When it comes to genetic resources, animals don’t do so badly either, at least here in the UK. We get an almost weekly item about the importance of rare breeds of livestock and their imperiled status during the BBC’s flagship Countryfile program on Sunday evenings presented by farmer Adam Henson, whose father Joe helped set up the Rare Breeds Survival Trust (RBST) in 1973. The RBST has been pivotal in rescuing many breeds from the brink of extinction. Just last night (28 July) Adam proudly showed an Albion calf born the day before on his farm in the Cotswolds. The Albion breed is one of the rarest in the UK.

Photo credit: the RBST

But that says very little about all the endangered livestock breeds around the world that are fortunately the focus of the work of the International Livestock Research Institute (ILRI).

Ankole cattle from southwestern Uganda (photo credit: ILRI/Stevie Mann).

However . . .

When was the last time—if ever—you watched a TV documentary about the rare (so-called ‘heritage’) varieties of the food plants on which we depend, or their closest wild species relatives, such as the barleys of Ethiopia or the potatoes of the South American Andes, for instance. And would you really care if you hadn’t?

Are you even aware that the barleys that we use for brewing originally came from Ethiopia and the Middle East? Or that the Spanish brought the potato back to Europe in the 16th century from Peru? What about your daily cups of tea or coffee?

These are just some of the myriad of fascinating histories of our food crops. Today many of these staples are often more important in agriculture in parts of the world far distant from the regions where they originated and were first domesticated.

In the UK, enthusiasts will be aware of heritage vegetable varieties, and the many varieties of fruits like apples that have disappeared from commercial orchards, but are still grown at places like Berrington Hall in Herefordshire.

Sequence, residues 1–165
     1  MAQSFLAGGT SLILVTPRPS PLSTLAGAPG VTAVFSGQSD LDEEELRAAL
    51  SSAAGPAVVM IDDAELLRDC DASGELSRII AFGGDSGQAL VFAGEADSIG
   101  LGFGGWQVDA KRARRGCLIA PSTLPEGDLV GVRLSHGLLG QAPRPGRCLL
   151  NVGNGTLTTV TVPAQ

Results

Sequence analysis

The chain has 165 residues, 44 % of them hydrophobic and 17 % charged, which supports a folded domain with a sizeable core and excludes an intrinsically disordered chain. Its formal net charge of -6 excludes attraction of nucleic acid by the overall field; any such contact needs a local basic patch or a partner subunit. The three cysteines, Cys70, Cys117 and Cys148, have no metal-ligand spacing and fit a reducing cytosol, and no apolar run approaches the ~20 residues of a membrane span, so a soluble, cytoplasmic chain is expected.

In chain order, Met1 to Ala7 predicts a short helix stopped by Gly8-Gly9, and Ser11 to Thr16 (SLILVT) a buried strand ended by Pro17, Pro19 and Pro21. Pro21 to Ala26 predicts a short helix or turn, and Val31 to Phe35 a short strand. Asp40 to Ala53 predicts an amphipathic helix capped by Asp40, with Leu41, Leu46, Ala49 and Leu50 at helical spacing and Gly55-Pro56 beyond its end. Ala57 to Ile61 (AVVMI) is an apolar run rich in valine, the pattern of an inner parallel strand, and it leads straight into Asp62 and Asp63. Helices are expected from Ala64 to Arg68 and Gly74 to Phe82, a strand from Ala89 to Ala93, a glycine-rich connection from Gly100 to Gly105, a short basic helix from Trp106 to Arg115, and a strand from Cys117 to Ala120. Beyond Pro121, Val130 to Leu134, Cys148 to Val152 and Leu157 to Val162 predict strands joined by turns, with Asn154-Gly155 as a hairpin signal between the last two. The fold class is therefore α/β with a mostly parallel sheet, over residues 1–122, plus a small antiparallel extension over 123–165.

Take a look at this article by freelance communicator Jeremy Cherfas about the origins of the food we eat. Jeremy has written a lot about genetic resources (and many other aspects of sustainable agriculture). As he says, you may discover a few surprises.

In centers of domestication, the diversity of the crops grown by farmers is impressive indeed. It’s wonderful. It’s BEAUTIFUL! The domestication of crops and their use by farmers worldwide is the story of civilization.

Here are just a few examples from beans, maize, cocoa, cucurbits, wheat, and lentil.

And take a look at the video below.

Who could fail to be impressed by such a range of shapes and colors of these varieties? And these varieties (and wild species) contain all the genes we need to keep crops productive.

Plant genetic resources: food for the stomach, food for the soul.


My own work since 1971 concerned the conservation and use of potatoes and rice (and some legume species as side projects).

In Peru, I came to learn just how important potatoes are for communities that live at altitude in the Andes. Could the Inca empire have grown and dominated the region had there been no potatoes (and maize)?

Machu Picchu

And there are so many wild species of potatoes that can be found from the southern USA to the south of Chile and east into the plains of Brazil. The International Potato Center (CIP) in Lima (where I worked for over eight years) has the world’s largest genebank of potato varieties. Important wild species collections are maintained there, as well as in Scotland at the Commonwealth Potato Collection (maintained by the James Hutton Institute), and the USA, at the NRSP-6 Potato Genebank in Sturgeon Bay, WI.